"The philosophy of the whole record was sort of a letting go," he says from his home in Brooklyn. "That's why I called it Let's Just Be, because it was like everything about that record [came from] a Zen-like approach. Just letting things be how they are."
So how did it all come about?
"We were on tour, supporting Nuclear Daydream [Arthur's last solo record], and the band developed off of that album and that tour, and it turned from, like, a band backing me up to a real band with collaborative songwriting. We were really tight and focused, [so] I was like, 'Let's go into the studio and make a record.' I thought we could make a record in like a week, you know?"
Translation: It happened accidentally.
Arthur, who was discovered (though he and I share a certain contempt for that terminology) by Peter Gabriel in the early '90s, is very much an "in the now" sort of guy. So much so that when I ask him questions about his past, and how his career came to be, his voice grudgingly betrays a private, nostalgic side. Then boom - suddenly
he's a kid again, wide-eyed and virginal, reliving the experience:
"Back then, it was overwhelming," he says, zoning out into memory. "It was literally like life became kind of a dream. I think it's the only way you deal with something like that. You go into some semi-state of shock. [I went] from cooking at a restaurant and selling guitars at a guitar shop to hanging out with Joe Strummer."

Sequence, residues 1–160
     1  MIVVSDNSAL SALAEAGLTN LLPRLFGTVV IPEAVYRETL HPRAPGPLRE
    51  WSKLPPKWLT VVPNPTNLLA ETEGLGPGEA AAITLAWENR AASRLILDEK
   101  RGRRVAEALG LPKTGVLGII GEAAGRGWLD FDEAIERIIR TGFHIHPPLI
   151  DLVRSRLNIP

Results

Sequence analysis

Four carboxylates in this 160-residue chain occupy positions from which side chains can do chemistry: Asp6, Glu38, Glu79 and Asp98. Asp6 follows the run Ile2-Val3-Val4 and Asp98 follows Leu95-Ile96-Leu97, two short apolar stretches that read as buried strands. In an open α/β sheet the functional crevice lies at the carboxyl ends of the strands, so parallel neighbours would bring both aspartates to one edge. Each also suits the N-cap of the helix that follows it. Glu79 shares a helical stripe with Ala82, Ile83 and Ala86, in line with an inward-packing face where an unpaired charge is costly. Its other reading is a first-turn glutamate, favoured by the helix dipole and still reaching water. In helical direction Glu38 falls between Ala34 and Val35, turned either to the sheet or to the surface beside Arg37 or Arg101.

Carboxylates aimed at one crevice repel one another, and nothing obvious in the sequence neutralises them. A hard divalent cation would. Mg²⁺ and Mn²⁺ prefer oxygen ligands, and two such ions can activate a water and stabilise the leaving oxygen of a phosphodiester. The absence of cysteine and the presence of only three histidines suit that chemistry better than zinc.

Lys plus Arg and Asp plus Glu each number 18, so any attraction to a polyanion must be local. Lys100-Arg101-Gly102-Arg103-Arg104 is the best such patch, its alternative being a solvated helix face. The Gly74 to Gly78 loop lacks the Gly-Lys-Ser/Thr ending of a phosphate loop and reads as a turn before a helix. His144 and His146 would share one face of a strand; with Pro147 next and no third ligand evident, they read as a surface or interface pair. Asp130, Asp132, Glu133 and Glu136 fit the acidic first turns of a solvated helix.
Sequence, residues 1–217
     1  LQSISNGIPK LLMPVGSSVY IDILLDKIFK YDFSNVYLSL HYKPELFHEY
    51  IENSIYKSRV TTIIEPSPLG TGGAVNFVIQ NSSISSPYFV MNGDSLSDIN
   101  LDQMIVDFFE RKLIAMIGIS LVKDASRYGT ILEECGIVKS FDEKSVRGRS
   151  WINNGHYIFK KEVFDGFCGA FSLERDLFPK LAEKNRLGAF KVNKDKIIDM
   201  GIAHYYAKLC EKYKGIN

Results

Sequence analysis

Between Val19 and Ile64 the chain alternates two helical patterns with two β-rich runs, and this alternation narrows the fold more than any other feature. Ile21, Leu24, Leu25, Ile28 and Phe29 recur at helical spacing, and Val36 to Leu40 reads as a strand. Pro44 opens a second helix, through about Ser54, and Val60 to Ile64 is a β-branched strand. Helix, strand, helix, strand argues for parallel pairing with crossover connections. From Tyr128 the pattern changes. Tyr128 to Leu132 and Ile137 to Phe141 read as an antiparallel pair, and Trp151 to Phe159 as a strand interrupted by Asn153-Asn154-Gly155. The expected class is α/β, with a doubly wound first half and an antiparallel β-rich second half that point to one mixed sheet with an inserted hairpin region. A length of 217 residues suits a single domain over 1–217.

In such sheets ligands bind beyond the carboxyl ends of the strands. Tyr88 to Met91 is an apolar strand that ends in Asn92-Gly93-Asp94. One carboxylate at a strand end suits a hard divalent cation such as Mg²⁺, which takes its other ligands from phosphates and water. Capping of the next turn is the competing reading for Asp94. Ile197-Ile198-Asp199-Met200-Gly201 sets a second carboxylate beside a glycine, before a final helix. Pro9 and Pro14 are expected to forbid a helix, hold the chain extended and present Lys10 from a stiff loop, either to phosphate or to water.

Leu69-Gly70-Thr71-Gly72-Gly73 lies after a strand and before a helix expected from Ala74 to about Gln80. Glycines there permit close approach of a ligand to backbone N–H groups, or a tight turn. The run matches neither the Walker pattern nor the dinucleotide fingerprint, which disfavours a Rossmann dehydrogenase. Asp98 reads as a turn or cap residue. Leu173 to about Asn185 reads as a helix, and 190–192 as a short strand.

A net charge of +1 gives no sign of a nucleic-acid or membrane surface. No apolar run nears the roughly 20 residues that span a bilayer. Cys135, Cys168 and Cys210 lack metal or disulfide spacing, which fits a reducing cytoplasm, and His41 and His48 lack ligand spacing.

"When I landed there, it really was kind of like Utopia," he says, laughing almost hysterically. "And when you're there, you're kind of, like, trying to act like you fit in. You don't want to give away the fact that you're blown away."
Translation: Even the coolest guys are, at their core, as wide-eyed as the rest of us.
6. 2007.04.18 Cleveland Free Times
An Akron Astronaut
Volume 14, Issue 52
While they don't keep statistics on these kinds of things, singer-songwriter Joseph Arthur has got to be one of the most critically acclaimed artists to get dumped by his record label. Yet that's what happened to the Akron native after 2000's Come to Where I'm From, a beautiful but melancholy album that ended up on numerous year-end lists. Now Arthur has his own label, which has just issued Let's Just Be. He couldn't be happier with how things have turned out. "It's the first time I've ever been able to put it out at a rate I want to," he says via phone from his Brooklyn, New York home. "I just put out a record less than a year ago. Now here's another one. And I've mastered another one. That's the future really; everything is more instantaneous. It suits me. I work a lot and make a lot of music. That's the way the best records were made in the '60s and '70s. They put out records all the time. You don't have to listen to every single one, but you tune in now and then." Let's Just Be certainly has that approach. Recorded with a band he's dubbed the Lonely Astronauts, it's a ramshackle garage album that sounds like something the Stones might have done in their Exile on Main Street days. "Yeah, it's a rock 'n' roll band," he says. "It's more collaborative and rock 'n' roll. It's definitely a different side of me."
7. 2007.04.19 THE BUCHTELITE
Akron native Joseph Arthur returns to Ohio for a show Sunday at the Beachland Ballroom
By: Dan Kadar
Singer-songwriter Joseph Arthur, an Akron native knows how to start a two-month trek the right way.